Welcome to Ulysses Wednesday, where I track my progress reading James Joyce's tale of a day in the life of Leopold Bloom.
Status: on page 225 of 783
This week's reading was much more interesting than what I slogged through last week. There is a fine discussion in the library about Shakespeare and how autobiographical his plays may or may not have been; and in the midst of this talk turns for a minute to an anticipated gathering of "young poets' verses" and what I thought to be an interesting statement:
Our national epic has yet to be written.
Could Joyce have believed that it was up to him to write such an epic?
In this section we also see Leopold Bloom go into Davy Byrne's pub for lunch. The descriptions of the meat and other foodstuffs eaten by other patrons is rather off-putting, so I can see why Bloom decides to order a (gorgonzola) cheese sandwich. After lunch he goes to the library - the location of the above mentioned Shakespeare discussion - to look up something for an advertisement he is trying to sell.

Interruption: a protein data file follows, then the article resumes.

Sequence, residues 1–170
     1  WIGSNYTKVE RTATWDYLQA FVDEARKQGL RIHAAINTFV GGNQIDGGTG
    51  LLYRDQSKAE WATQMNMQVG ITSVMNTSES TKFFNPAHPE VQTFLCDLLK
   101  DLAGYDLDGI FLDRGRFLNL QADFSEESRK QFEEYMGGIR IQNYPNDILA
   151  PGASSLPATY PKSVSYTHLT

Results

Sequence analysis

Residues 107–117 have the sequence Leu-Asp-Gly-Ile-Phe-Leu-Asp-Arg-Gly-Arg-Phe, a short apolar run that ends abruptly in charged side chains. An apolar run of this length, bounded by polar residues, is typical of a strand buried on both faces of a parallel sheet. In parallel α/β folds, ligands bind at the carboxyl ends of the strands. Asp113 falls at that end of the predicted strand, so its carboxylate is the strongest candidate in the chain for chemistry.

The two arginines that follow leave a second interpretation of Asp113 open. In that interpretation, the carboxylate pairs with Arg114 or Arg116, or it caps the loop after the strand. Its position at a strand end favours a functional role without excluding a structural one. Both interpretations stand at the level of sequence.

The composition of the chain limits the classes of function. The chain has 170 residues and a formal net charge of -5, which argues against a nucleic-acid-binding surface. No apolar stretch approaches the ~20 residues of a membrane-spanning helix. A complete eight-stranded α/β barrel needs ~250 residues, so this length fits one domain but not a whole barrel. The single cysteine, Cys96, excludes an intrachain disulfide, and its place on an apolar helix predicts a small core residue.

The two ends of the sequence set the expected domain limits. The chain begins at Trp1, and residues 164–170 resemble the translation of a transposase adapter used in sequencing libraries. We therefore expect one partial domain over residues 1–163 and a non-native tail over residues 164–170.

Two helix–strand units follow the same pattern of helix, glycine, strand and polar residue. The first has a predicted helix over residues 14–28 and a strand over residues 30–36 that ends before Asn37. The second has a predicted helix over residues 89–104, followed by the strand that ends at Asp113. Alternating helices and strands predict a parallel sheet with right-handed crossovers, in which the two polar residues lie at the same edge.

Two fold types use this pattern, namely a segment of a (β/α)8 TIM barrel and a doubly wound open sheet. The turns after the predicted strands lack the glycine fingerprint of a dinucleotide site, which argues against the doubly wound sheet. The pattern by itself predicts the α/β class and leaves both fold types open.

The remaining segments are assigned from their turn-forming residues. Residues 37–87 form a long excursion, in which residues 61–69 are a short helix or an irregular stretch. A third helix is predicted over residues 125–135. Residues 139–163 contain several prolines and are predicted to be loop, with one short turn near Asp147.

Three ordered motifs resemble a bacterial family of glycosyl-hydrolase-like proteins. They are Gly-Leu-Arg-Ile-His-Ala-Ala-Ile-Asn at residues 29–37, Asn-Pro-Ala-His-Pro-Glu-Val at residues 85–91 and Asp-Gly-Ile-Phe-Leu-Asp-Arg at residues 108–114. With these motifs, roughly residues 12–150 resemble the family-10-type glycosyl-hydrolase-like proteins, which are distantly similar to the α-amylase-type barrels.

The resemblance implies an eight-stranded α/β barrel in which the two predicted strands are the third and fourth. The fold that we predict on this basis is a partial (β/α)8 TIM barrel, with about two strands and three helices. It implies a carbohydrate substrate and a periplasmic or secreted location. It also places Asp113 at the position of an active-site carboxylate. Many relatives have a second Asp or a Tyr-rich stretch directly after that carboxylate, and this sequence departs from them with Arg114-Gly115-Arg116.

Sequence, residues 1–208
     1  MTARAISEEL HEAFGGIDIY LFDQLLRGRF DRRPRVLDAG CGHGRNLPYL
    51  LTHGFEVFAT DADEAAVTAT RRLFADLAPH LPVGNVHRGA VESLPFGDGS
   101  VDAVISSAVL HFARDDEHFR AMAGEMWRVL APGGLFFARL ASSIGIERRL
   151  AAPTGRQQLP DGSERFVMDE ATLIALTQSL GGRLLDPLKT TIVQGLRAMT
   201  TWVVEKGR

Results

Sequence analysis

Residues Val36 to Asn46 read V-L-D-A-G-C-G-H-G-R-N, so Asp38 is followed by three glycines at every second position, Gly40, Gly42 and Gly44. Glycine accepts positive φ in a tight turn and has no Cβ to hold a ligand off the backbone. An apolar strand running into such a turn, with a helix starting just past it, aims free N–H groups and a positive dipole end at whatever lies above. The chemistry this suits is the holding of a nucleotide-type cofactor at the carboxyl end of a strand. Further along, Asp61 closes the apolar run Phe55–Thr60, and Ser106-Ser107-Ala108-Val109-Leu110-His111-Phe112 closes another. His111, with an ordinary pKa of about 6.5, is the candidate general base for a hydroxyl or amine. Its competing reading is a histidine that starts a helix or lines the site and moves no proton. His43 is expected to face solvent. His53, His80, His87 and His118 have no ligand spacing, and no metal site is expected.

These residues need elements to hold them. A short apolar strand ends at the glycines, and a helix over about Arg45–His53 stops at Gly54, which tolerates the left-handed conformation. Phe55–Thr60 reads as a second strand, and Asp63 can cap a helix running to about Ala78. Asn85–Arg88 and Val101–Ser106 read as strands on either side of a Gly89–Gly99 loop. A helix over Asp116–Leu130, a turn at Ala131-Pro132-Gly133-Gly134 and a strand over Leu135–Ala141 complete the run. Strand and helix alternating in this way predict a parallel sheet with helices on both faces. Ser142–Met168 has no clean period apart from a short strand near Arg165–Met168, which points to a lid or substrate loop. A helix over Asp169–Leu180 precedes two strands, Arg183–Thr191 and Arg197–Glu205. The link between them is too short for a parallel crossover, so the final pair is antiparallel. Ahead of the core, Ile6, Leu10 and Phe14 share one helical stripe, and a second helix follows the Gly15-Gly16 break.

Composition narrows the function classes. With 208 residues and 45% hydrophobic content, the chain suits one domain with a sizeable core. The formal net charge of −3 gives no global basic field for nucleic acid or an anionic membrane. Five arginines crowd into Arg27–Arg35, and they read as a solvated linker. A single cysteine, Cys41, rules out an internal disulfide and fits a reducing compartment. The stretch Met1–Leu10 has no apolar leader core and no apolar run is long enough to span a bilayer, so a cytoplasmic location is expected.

You know, I thought Ulysses was all about Bloom and nothing but Bloom, but I was wrong. In my reading thus far he appears for a chapter here and there and then sets off to let others participate in the action. I knew there were other characters, of course, but I didn't realize that they had as much of a role in this novel as Bloom.
What I also found interesting was Joyce's use of the word Holocaust:
All those women and children excursion beanfeast burned and drowned in New York. Holocaust. Karma they call that transmigration for sins you did in a past life the reincarnation met him pikehoses. Dear, dear, dear. Pity of course: but somehow you can't cotton on to them someway.
and then later on a reference to a dreadful catastrophe in New York, which was an actual event - a passenger ship disaster on June 15, 1904, the day before the events described in Ulysses. Even though his use of holocaust in this instance is accurate, it is certainly not a context in which I am familiar in seeing that term used.
So am I getting it yet? Probably not entirely, but I do have glimmers of understanding here and there. It is definitely not a book to be read casually though.